men who would repress all tendencies to liberty and ultimate emancipation, that they must, if they would do this, go back to the era of our Independence and muzzle the cannon which thunders its annual joyous return; they must blow out the moral lights around us; they must penetrate the human soul and eradicate there the love of liberty; and then, and not till then, could they perpetuate Slavery in this country. To my thinking, Judge Douglas is, by his example and vast influence, doing that very thing in this community, when he says that the negro has nothing in the Declara- . tion of Independence. Henry Clay plainly understood the contrary. Judge Douglas is going back to the era of our Revolution, and to the extent of his ability muzzling the cannon which thunders its annual joyous return. When he invites any people, willing to have Slavery, to establish it, he is blowing out the moral lights around us. When he says he cares not whether Slavery is voted down or up'—that it is a sacred right of self-government, he is, in my judgment, penetrating the human soul and eradicating the light of reason and the love of liberty in this American people. And when, by all these means and appliances, he shall succeed in bringing public sentiment to an exact accordance with his own views—when these vast assemblages shall echo back all these sentiments, when they shall come to repeat his views and to avow his principles, and to say all that he says on these mighty questions, then it needs only the formality of the second Dred Scott decision, which he indorses in advance, to make Slavery alike lawful in all the States-old as well as

North as well as South."


In the second debate at Freeport, Mr. Lincoln gave categorical answers to seven questions which Douglas had proposed to him, and in his turn put four questions to Douglas, to which he got but evasive replies. He also pressed home upon his opponent a charge of quoting resolutions as being adopted at a Republican State Convention, which were never so adopted, and again called Douglas's attention to the conspiracy to nationalize Slavery, and he showed that his pretended desire to leave the people of a Territory free to establish Slavery or exclude it, was really only a desire to allow them to establish it, as was shown by his voting against Mr. Chase's amendment to the Nebraska Bill, which gave them leave to exclude it. In the third debate at Jonesboro, Mr. Lincoln showed that Douglas and his friends were trying to change the position of the country on the Slavery question from what it was when the Constitution was adopted, and that the disturbance of the country had arisen from this pernicious effort. He then cited from Democratic speeches and platforms of former days to show that they occupied then the very opposite ground on the question from that which was taken now, and showed up the evasive character of Douglas's answers to the questions which he had proposed, especially the subterfuge of "unfriendly legislation" which he had set forth as the means by which the people of a Territory could exclude Slavery from its limits in spite of the Dred Scott decision.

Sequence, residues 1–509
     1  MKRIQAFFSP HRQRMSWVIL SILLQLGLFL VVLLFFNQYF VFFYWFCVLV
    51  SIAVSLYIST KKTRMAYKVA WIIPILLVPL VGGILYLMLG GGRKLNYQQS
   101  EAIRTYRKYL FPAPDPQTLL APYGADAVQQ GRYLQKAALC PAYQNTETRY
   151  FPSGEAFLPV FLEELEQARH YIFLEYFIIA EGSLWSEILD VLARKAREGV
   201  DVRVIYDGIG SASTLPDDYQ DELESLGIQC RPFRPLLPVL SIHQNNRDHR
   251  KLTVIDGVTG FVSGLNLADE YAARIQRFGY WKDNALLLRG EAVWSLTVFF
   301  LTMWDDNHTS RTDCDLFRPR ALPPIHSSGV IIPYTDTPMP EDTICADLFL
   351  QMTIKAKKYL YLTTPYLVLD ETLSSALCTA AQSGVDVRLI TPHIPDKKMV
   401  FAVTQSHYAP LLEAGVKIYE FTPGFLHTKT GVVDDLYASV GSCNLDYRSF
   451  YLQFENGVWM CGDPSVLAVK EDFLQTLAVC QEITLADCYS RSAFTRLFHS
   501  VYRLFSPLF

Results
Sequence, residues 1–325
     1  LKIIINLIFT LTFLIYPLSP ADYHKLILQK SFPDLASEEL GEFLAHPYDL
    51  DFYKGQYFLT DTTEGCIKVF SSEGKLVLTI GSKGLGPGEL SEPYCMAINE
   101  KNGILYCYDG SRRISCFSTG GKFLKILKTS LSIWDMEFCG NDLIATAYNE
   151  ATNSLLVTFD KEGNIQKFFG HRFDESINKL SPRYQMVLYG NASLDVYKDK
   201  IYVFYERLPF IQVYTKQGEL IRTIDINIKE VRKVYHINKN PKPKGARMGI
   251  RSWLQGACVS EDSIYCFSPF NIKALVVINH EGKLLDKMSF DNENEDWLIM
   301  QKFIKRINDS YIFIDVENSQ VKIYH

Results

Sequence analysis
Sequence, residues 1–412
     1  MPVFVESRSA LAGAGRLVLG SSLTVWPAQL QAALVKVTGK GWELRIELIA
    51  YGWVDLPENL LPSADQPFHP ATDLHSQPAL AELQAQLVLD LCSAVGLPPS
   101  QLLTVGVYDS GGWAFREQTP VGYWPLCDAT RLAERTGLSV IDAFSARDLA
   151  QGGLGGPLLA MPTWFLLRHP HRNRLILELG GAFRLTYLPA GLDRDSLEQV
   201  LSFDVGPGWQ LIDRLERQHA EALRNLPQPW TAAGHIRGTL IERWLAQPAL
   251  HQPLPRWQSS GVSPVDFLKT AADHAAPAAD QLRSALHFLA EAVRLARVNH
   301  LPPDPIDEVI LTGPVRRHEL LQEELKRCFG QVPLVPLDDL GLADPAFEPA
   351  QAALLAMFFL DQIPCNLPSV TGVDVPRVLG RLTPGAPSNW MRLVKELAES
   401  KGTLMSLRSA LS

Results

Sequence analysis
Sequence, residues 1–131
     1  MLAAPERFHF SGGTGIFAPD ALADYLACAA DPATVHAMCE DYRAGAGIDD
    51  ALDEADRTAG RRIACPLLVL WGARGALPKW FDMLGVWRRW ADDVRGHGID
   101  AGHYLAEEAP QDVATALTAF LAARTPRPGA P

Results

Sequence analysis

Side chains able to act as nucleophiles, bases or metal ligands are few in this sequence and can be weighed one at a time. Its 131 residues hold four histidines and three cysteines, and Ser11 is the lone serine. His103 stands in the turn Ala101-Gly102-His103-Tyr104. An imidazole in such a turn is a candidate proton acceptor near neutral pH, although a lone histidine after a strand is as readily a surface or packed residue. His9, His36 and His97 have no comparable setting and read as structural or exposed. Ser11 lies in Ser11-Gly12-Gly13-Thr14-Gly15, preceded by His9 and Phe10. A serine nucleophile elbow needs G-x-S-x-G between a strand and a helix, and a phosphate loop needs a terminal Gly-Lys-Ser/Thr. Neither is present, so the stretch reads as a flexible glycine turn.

When Mr. Lincoln was preparing these questions for Douglas, he was urged by some of his friends not to corner him on that point, because he would surely stand by his doctrine of Squatter Sovereignty in defi